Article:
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Tull v. Pinnacle Entertainment, Inc.

United States District Court, E.D. Louisiana

June 19, 2019

CLAUDETTE TULL
v.
PINNACLE ENTERTAINMENT, INC., d/b/a BOOMTOWN BELLE CASINO WEST BANK

         SECTION “F”

          ORDER AND REASONS

          MARTIN L. C. FELDMAN UNITED STATES DISTRICT JUDGE.

         Before the Court is the plaintiff's motion to remand, along with a request for reasonable costs and attorney's fees incurred a result of the removal. For the reasons that follow, the motion to remand is GRANTED, and the request for costs and fees is DENIED.

         Background

         This litigation arises out of a slip-and-fall accident in a casino.

         On April 13, 2018, Claudette Tull visited Boomtown Casino in Harvey, Louisiana where she slipped on “water or some other slippery substance.” The following year, Tull sued Pinnacle Entertainment, Inc., doing business as “Boomtown Belle Casino Westbank, ” in state court, alleging that the defendant's negligence caused her to sustain injuries. Although she alleges no particular facts concerning the manifestation or nature of her injuries, Tull seeks “reasonable compensation” for various damages, including past, present, and future pain and suffering, mental anguish, medical expenses, and loss of enjoyment of life.

         On April 11, 2019, Pinnacle Entertainment removed the lawsuit to this Court, invoking the Court's diversity jurisdiction. The plaintiff now moves to remand.

         I.

         A.

         Although the plaintiff challenges removal in this case, the removing defendant carries the burden of showing the propriety of this Court's removal jurisdiction. See Manguno v. Prudential Prop. & Cas. Ins. Co., 276 F.3d 720, 723 (5th Cir. 2002); see also Jernigan v. Ashland Oil, Inc., 989 F.2d 812, 815 (5th Cir. 1993). Given the significant federalism concerns implicated by removal, the removal statute is strictly construed, “and any doubt about the propriety of removal must be resolved in favor of remand.” Gutierrez v. Flores, 543 F.3d 248, 251 (5th Cir. 2008) (citation omitted); Gasch v. Hartford Accident & Indem. Co., 491 F.3d 278, 281-82 (5th Cir. 2007) (citations omitted).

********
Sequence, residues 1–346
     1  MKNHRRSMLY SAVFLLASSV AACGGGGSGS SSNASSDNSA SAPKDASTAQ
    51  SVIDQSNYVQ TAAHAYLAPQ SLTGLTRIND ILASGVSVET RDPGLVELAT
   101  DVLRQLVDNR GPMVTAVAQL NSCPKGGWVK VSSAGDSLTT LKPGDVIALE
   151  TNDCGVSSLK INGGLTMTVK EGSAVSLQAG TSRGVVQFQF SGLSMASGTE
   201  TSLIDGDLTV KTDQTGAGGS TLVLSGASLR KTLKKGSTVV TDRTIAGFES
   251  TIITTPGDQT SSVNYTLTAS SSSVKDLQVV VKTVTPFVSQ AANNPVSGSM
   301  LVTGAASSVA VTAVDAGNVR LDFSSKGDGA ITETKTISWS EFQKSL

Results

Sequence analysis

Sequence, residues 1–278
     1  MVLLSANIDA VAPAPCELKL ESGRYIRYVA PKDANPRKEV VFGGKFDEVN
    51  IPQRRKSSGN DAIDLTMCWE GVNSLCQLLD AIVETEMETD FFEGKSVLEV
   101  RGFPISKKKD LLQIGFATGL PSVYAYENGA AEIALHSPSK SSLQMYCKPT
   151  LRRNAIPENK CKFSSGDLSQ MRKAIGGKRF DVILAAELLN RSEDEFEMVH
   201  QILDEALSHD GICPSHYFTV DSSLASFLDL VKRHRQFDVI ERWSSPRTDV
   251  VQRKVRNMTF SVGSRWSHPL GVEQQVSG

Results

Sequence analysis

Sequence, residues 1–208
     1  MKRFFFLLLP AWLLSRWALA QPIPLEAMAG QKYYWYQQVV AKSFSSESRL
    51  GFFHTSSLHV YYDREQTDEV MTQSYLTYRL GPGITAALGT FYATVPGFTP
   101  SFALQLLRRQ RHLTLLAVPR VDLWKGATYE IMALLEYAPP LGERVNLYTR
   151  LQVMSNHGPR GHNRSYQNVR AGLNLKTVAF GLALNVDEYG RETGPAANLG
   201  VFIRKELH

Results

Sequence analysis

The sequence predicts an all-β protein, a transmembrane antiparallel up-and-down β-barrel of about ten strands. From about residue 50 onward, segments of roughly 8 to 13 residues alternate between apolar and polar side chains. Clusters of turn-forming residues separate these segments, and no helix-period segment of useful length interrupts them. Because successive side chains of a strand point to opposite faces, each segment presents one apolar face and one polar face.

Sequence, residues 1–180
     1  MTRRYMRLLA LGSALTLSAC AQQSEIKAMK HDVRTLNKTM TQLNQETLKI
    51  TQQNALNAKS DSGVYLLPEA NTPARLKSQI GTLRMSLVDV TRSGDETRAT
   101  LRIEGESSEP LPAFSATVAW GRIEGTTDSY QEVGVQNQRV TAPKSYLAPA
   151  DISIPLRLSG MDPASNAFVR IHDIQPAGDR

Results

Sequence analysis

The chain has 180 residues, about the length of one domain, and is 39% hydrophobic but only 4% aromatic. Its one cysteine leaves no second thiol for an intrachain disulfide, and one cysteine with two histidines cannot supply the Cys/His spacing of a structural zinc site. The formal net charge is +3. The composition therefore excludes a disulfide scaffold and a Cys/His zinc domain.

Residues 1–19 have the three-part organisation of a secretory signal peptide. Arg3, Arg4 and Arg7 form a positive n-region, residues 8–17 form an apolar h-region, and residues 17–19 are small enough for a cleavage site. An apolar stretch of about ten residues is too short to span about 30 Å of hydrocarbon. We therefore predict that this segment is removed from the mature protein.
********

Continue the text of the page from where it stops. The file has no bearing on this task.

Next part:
B.

         A defendant may generally remove a civil action filed in state court if the federal court has original jurisdiction over the case -- that is, if the plaintiff could have brought the action in federal court from the outset. See 28 U.S.C. § 1441(a). To exercise diversity jurisdiction, complete diversity must exist between the plaintiff and all of the properly joined defendants, and the amount in controversy must exceed $75, 000. See 28 U.S.C. § 1332(a)(1). The only dispute here is whether the amount-in-controversy requirement is met.

         To determine whether it has jurisdiction, the Court must consider the allegations in the state court petition as they existed at the time of removal. See Manguno, 276 F.3d at 723 (citing Cavallini v. State Farm Mut. Auto Ins. Co., 44 F.3d 256, 264 (5th Cir. 1995)). Louisiana law requires that a plaintiff include “no specific amount of damages” in her prayer for relief. La. Code Civ. Proc. art. 893.

         When the plaintiff has, therefore, alleged an indeterminate amount of damages, the removing party must prove by a preponderance of the evidence that the amount in controversy exceeds $75, 000. Simon v. Wal-Mart Stores, 193 F.3d 848, 850 (5th Cir. 1999); see also De Aguilar v. Boeing Co., 47 F.3d 1404, 1412 (5th Cir. 1995). This showing may be made by either (1) showing that it is facially apparent that the plaintiff's claims likely exceed $75, 000, or (2) setting forth “summary judgment type evidence” of facts in ...


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